What is a Servo?
The word 'servo' means more than just those little RC Servo Motors we usually think of. Servo is a general term for a closed loop control system using negative feedback.
The cruise control in a car is one example of a servo system. It measures your speed and feeds that back into a control circuit which adjusts the accelerator to maintain speed.
For the familiar RC Servo motor, the position of the output shaft is measured and fed back to the internal control circuit which adjusts current to the motor to maintain position.
Open and Closed Loops
An "Open Loop" system has no feedback, so there is no way to verify that it is performing as expected. A common expression among control engineers is "You can't control what you can't measure.".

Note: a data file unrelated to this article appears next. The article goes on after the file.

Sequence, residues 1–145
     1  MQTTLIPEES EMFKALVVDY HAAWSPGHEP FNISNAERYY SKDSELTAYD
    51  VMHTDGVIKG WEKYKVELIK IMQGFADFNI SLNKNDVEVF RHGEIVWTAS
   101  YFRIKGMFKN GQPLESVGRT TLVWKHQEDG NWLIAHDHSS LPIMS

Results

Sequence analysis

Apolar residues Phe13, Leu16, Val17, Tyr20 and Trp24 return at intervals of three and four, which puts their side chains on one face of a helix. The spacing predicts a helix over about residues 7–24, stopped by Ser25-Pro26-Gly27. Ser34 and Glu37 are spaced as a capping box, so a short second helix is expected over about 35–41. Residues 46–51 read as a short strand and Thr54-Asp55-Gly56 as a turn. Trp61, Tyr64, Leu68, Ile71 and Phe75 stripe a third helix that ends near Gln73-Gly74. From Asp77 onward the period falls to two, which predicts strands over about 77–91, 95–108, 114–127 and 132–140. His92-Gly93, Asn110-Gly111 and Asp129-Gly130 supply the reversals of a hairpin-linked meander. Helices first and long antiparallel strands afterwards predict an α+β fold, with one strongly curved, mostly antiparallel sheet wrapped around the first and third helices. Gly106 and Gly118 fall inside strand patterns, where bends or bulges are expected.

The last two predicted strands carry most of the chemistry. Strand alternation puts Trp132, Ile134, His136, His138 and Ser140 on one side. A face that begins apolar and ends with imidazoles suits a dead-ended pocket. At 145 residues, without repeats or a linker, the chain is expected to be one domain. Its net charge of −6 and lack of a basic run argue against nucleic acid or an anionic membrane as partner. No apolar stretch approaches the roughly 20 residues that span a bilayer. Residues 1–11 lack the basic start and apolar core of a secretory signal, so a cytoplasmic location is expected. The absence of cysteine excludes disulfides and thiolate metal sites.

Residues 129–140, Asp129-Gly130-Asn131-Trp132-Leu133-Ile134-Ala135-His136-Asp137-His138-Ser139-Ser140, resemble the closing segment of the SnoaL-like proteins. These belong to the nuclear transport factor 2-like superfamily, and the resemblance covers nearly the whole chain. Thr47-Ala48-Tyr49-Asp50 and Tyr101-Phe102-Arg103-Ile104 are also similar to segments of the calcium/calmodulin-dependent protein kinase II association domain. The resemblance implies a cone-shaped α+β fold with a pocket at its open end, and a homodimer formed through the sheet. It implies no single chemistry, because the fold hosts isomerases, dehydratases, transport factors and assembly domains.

A "Closed Loop" system can use the feedback signal to adjust the speed and direction of the motor to achieve the desired result. In the case of an RC servo motor, the feedback is in the form of a potentiometer (pot) connected to the output shaft of the motor. The output of the pot is proportional to the position of the servo shaft.
The problem with controlling a standard RC servo motor from a microcontroller is that it is 'closed loop' inside the servo motor case, but 'open loop' with respect to your microcontroller. You can tell the servo control circuit how you want the shaft positioned, but you have no way to confirm if or when this actually happens.
The Feedback Servos allow you to close this outer loop by providing the feedback signal to the microcontroller too!
This guide was first published on Aug 24, 2013. It was last
updated on Aug 24, 2013.
This page (About Servos and Feedback) was last updated on May 04, 2015.